Have a question about this info? Learn more here

Post-six month graduation stats:

This is from the Destinations of Leavers from Higher Education Survey, based on responses from graduates who studied the same subject area here.

It offers a snapshot of what grads went on to do six months later, what they were earning on average, and whether they felt their degree helped them obtain a 'graduate role'. We calculate a mean rating to indicate if this is high, medium or low compared to other universities.

Have a question about this info? Learn more here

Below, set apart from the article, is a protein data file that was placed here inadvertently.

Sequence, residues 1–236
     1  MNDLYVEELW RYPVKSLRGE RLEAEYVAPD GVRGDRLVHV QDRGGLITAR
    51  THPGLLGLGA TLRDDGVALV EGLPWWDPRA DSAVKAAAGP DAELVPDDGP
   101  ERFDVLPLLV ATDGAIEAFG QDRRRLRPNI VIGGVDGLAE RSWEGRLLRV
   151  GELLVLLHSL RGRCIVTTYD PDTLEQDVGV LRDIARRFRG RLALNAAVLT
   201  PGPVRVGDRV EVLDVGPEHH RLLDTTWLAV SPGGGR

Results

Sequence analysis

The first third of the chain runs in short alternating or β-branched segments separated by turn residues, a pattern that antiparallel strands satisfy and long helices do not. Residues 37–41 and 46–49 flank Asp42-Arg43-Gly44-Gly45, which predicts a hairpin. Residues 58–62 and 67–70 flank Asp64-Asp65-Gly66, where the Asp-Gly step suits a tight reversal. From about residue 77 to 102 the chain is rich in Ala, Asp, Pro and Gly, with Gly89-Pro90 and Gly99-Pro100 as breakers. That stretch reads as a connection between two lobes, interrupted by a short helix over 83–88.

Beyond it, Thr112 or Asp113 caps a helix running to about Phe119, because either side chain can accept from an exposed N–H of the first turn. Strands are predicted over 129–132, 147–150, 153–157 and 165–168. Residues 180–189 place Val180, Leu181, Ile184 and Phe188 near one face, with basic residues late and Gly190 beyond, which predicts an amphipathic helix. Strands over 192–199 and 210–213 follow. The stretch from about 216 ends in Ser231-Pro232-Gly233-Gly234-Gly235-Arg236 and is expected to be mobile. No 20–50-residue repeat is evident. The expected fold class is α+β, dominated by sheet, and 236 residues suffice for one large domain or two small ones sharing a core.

Graduate field commentary:

The Higher Education Careers Services Unit have provided some further context for all graduates in this subject area, including details that numbers alone might not show

Have a question about this info? Learn more here

The Longitudinal Educational Outcomes dataset combines HRMC earnings data with student records from the Higher Education Statistics Agency.

While there are lots of factors at play when it comes to your future earnings, use this as a rough timeline of what graduates in this subject area were earning on average one, three and five years later. Can you see a steady increase in salary, or did grads need some experience under their belt before seeing a nice bump up in their pay packet?

Have a question about this info? Learn more here